Mr Cripps: Only if you carry on about it forever.
Mr WHITING: Perhaps the member would like to listen, because he has not talked too much about it in the past. Climate change is a massive public policy issue for the future of the state and to deny it is a massive abrogation of responsibility. The public needs to hear the LNP say that they think climate change is real or that it is not. The member for Moggill: does he actually believe climate change exists? The member for Glass House: can he state whether climate change is or is not a threat to Queensland?
Dr ROWAN: I rise to a point of order. I find the member misleading, based on my speech tonight.
Madam DEPUTY SPEAKER (Ms Farmer): Order! If you find the member misleading, you may put that in writing to the Speaker.
Dr ROWAN: I find his comments personally offensive and I ask him to withdraw.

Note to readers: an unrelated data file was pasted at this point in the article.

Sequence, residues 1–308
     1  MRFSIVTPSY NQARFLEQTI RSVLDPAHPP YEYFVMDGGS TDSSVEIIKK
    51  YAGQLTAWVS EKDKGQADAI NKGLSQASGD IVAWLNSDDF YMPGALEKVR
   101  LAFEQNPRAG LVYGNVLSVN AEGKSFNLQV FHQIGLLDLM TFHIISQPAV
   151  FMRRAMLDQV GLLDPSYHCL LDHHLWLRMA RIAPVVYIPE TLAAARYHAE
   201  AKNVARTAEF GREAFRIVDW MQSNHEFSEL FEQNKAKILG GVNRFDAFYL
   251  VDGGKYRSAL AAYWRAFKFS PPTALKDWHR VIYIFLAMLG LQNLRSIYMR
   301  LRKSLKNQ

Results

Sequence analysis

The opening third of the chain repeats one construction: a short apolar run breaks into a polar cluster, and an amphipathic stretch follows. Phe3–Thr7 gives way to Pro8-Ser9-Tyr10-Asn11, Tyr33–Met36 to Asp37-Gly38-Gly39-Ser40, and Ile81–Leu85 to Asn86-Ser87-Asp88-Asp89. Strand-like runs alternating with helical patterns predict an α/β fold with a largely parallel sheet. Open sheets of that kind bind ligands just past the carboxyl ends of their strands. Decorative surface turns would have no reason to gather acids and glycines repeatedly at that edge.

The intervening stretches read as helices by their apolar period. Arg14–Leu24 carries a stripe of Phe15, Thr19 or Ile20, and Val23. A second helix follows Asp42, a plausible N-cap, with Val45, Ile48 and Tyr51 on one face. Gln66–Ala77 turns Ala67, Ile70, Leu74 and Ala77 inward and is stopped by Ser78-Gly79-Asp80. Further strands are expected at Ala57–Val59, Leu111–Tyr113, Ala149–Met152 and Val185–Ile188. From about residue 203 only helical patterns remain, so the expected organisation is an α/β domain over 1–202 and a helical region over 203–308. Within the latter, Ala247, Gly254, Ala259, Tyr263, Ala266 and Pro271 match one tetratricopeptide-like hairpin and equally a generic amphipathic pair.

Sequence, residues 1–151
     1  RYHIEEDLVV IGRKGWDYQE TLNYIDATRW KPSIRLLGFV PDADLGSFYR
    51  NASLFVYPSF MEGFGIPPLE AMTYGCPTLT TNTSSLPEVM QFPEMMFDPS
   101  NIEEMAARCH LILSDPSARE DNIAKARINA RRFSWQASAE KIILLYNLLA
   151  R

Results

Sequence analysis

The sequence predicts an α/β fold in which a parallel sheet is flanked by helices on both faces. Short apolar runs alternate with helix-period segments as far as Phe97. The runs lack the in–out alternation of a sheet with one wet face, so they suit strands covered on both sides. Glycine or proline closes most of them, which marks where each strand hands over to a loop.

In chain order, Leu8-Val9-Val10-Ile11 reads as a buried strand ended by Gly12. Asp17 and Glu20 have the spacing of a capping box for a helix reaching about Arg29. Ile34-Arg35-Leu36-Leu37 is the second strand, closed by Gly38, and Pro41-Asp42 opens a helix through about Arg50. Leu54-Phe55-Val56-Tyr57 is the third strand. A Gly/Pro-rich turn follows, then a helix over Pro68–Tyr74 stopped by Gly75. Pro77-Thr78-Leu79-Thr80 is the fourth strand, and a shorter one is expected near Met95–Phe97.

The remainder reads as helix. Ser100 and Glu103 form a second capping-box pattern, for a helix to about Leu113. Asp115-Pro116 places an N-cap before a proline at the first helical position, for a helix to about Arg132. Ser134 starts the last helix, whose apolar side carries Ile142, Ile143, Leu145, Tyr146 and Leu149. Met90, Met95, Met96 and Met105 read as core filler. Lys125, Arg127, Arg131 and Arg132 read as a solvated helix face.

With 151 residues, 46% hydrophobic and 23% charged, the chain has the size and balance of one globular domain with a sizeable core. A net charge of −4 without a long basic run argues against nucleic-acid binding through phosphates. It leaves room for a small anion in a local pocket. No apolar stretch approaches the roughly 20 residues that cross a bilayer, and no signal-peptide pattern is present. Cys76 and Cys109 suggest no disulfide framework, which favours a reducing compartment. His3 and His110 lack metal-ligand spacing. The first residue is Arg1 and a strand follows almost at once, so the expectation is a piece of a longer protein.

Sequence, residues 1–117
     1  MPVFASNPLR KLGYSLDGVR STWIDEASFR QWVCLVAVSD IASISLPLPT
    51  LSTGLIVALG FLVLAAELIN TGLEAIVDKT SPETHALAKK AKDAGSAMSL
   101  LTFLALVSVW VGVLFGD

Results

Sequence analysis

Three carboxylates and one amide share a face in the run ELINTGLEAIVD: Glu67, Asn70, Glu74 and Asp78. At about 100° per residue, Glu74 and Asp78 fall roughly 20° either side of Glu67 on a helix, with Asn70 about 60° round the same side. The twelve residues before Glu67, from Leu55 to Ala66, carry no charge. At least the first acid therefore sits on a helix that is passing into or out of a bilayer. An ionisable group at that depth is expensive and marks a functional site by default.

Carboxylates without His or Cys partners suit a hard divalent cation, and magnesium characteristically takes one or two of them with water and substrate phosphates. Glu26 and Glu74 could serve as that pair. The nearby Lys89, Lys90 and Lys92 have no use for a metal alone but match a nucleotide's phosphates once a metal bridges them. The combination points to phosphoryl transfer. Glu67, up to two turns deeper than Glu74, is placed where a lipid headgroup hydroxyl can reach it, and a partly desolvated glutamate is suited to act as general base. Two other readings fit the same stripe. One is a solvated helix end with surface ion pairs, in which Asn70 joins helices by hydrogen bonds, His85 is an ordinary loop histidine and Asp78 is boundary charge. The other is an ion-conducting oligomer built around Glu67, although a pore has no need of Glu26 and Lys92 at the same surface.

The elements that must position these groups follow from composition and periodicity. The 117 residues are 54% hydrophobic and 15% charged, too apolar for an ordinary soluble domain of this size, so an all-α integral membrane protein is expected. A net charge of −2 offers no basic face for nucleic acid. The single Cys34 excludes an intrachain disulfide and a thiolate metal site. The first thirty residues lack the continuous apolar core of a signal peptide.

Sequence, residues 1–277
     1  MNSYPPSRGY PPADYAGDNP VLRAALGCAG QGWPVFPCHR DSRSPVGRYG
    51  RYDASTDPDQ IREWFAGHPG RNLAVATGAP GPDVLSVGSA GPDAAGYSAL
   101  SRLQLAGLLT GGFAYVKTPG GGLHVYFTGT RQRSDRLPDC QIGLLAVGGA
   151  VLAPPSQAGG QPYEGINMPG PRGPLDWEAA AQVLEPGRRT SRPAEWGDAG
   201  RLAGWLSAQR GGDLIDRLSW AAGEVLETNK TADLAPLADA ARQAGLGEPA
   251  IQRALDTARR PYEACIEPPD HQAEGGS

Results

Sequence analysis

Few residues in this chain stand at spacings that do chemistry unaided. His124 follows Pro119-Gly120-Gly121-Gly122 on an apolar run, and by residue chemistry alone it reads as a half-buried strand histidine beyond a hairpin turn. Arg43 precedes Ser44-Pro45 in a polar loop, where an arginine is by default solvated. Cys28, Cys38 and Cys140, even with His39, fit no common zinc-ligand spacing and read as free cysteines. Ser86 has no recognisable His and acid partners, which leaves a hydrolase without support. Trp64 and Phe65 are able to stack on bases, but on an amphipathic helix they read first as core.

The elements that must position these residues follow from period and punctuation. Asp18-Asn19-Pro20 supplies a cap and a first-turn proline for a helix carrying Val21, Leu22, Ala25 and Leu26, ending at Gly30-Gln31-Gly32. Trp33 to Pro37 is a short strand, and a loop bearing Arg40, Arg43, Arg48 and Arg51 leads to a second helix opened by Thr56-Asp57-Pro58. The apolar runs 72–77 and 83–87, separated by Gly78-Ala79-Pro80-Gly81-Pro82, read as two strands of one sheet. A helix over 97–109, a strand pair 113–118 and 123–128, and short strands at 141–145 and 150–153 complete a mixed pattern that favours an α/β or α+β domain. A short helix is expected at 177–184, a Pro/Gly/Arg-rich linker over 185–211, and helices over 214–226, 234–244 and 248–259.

Madam DEPUTY SPEAKER: We need to be a bit circumspect about claiming personal offence for every single thing. Can the member explain to me what it is about what the member said that you found personally offensive?
Mr SEENEY: I rise to a point of order, Madam Deputy Speaker. That is a gross departure from the normal procedure of this House. As long as I have been here, which is a fair while, every member has had the right to find comments made about them personally offensive and ask for them to be withdrawn, without explanation to the chair. That has always been the case, Madam Deputy Speaker, and I doubt whether you have the authority to change that.
Ms TRAD: I rise to a point of order. It is true that comments made that are personally offensive should be withdrawn, if a member finds them offensive, but the honourable member for Murrumba was not making comment; he was asking a question. He was posing a question. How anyone could find offence through the proposition of a question beggars belief.
Madam DEPUTY SPEAKER: Order! I will say two things: you, member for Moggill, may make—
Mr Hart: ‘You’?
Madam DEPUTY SPEAKER: I beg your pardon?